APU Business Careers Careers & Learning Leading Forward Podcast

Chatbots Can Be a Great Asset to Companies. Until They’re Not.

Podcast featuring Dr. Aikyna FinchFaculty Training Developer, Center for Teaching & Learning and
Dr. Wanda Curlee, Program Director, School of Business

Chatbots can help companies answer common customer questions any hour of the day. Using chatbots can help build customer relationships while gathering data and insight about customer needs. But chatbots can also be a source of frustration for customers. In this episode, Dr. Wanda Curlee talks to Dr. Aikyna Finch about her experience using and building chatbot programs. Learn why more companies should be adopting chatbots while being mindful of the limitations of this technology.

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Dr. Wanda Curlee: Welcome to the podcast. I’m your host, Wanda Curlee. Today we are going to be chatting about artificial intelligence and chatbots. My guest is Dr. Aikyna Finch. Aikyna, welcome to the podcast.

Dr. Aikyna Finch: Thank you, so much, Wanda. I am so excited to be with you today. This is going to be a great time.

Dr. Wanda Curlee: I think so. Aikyna, you’re well-versed in chatbots, but before we go into that, can you tell us a little bit about your background, and how you started with chatbots?

Dr. Aikyna Finch: Great question, Wanda. I started with social media around 2008. My first social media platform was LinkedIn. Then, from there, Facebook and Twitter. I call them the big three, and then we went on from there.

The chatbots were amazing to me because of the automation piece, and how you could be speaking to somebody at 2:00 in the morning while you’re asleep, still building that connection. That’s where I would teach people. I’m like, “Look, this is a way for you to build that community. This is a way for you to start building that relationship. By the time they come to you, they already know you. They already know how you’re feeling. They already know what you’re thinking about. The relationship part is easier, and things are more fluid.” That’s why I was really into chatbots because I see it from the community side. I see it from the relationship-building side, and then I see it from the growth side.

Dr. Wanda Curlee: Oh, interesting. What is your definition of a chatbot? I know many of us, including me, disregard them as those pesky things you have to deal with before you get to a human.

Dr. Aikyna Finch: It is that space that answers all the questions before you get to the true conversation. The reason why I say that is because, “Okay, let’s get the preliminaries out of the way. What is it that you need? What is it that you want? How can I serve you?” All those things.

When you’re coming in to do that 15-, 30-minute conversation, you already know. You’ve been able to do your research. You’ve been able to put everything together so you could give them a strong presentation. Whether it’s your students, or whether it is a client, you’ll be able to have that strong conversation, you don’t have to necessarily waste time on the preliminaries. That’s what the chatbot does for you.

Dr. Wanda Curlee: Okay. We’re talking about artificial intelligence, too. How does artificial intelligence and the chatbots correlate? Are you telling us that chatbots learn?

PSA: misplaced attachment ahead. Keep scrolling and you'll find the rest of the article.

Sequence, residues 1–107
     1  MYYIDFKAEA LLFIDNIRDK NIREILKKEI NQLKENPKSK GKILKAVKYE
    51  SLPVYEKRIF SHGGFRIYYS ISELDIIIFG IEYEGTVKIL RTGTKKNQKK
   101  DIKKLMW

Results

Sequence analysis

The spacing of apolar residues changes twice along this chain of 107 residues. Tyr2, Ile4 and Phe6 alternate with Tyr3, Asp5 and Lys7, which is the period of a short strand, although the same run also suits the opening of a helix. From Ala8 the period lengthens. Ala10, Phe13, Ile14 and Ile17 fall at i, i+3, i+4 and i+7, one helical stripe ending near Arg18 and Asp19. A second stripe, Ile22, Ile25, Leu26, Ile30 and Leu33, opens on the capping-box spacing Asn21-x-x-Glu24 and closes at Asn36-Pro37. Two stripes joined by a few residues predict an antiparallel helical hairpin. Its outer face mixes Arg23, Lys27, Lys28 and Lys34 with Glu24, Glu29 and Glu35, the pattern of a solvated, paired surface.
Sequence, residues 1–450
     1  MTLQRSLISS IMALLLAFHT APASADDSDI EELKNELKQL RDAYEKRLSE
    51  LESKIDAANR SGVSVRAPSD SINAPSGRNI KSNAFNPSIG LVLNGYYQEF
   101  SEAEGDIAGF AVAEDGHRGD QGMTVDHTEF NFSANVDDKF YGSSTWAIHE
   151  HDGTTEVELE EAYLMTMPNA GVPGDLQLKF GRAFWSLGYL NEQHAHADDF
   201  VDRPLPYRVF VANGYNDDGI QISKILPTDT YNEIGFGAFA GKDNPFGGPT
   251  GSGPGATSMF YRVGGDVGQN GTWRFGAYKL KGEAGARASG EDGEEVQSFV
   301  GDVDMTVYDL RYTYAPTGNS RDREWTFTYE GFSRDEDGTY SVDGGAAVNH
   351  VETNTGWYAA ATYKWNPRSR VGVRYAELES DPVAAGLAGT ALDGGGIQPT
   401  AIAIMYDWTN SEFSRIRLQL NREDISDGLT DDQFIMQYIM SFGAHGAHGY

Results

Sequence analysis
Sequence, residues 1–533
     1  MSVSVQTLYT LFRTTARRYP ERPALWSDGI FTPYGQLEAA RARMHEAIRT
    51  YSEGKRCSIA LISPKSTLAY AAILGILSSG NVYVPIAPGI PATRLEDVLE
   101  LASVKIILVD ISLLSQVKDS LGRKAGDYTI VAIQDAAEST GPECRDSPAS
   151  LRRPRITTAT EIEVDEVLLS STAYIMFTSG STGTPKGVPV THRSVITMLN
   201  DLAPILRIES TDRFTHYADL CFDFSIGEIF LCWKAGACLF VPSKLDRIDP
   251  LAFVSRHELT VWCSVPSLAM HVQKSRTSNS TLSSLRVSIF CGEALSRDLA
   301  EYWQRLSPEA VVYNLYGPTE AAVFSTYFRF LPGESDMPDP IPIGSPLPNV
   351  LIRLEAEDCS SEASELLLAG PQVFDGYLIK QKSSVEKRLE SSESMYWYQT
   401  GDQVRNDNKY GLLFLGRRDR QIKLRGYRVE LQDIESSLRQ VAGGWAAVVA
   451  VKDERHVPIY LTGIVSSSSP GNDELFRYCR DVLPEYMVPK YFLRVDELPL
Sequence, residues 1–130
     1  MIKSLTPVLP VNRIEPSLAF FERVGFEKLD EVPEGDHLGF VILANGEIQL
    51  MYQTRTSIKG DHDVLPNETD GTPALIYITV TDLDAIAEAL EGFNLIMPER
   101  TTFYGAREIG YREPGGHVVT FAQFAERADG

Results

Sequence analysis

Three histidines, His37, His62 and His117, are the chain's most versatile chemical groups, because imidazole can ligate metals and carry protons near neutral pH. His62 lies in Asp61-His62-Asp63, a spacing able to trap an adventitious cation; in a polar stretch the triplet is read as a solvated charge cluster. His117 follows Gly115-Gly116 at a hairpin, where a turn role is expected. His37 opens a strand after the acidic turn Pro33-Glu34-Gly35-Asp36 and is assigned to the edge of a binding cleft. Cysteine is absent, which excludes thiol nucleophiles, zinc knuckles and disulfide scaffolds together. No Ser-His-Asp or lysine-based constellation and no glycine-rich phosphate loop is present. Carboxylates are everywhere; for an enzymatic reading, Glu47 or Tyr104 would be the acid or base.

Dr. Aikyna Finch: That is very interesting because I’ve been on the front- and on the backend, and sometimes it will actually suggest things that I may have missed while I’m building the program out. Or, it’ll say, “We’ve put this out a couple of times. We noticed that these people say this, so maybe asking this question will help you get to where you’re trying to get.” They do learn because they take the data in, and then they’re like, “This is a time saving opportunity for you.”

Dr. Wanda Curlee: As they learn, they help you. They can also help the customers, I guess, as well.

Dr. Aikyna Finch: Of course.

Dr. Wanda Curlee: Okay. Do your chatbots talk, or is it they’re typing back and forth, or do you have a mixture of chatbots?

Dr. Aikyna Finch: Well, my favorite, is mini chat. I have it programmed to where it will say things according to the responses. It responds how I would respond because I’m writing it the way that I feel. That way they build a feel around how they would talk to me, because I answer it the same way I would answer it as a person talking to them.

Dr. Wanda Curlee: Wow. That’s really interesting. Why are chatbots so useful for companies, and how do you use them?

Dr. Aikyna Finch: They are amazing. First off, we can’t touch all the people, as a human being. We can’t. Sometimes our businesses are not open 24/7, but the chatbot is up there whenever they need to speak to us. They can also go ahead and answer those questions. It could be 2:30 in the morning and they could really be frustrated, knowing that they’re probably not going to speak to a person. They’re probably thinking, “Oh, I’m going to have to wait on an email.” But when the chatbot comes in there, and answers their question, right there, gives them different solutions to try, gives them different options of where they can find it on the website, they have the answer to their question and they can have a restful sleep.

Dr. Wanda Curlee: Hmm. Okay.

Dr. Aikyna Finch: That’s an email that has been avoided.

Dr. Wanda Curlee: We know we get a lot of emails, no matter where you work.

Dr. Aikyna Finch: Yes, definitely. Definitely. Also it’s a relationship0builder, especially if the chatbot does talk. “If you look over here, and explore this, did you know that because you’re looking for this, you could actually look for these other things that might be helpful to you as well?” They inform your audience about what’s going on on your site, what you’re doing, what things they may have not uncovered by theirselves. That’s another way to work with your clients, or even let’s say, in education.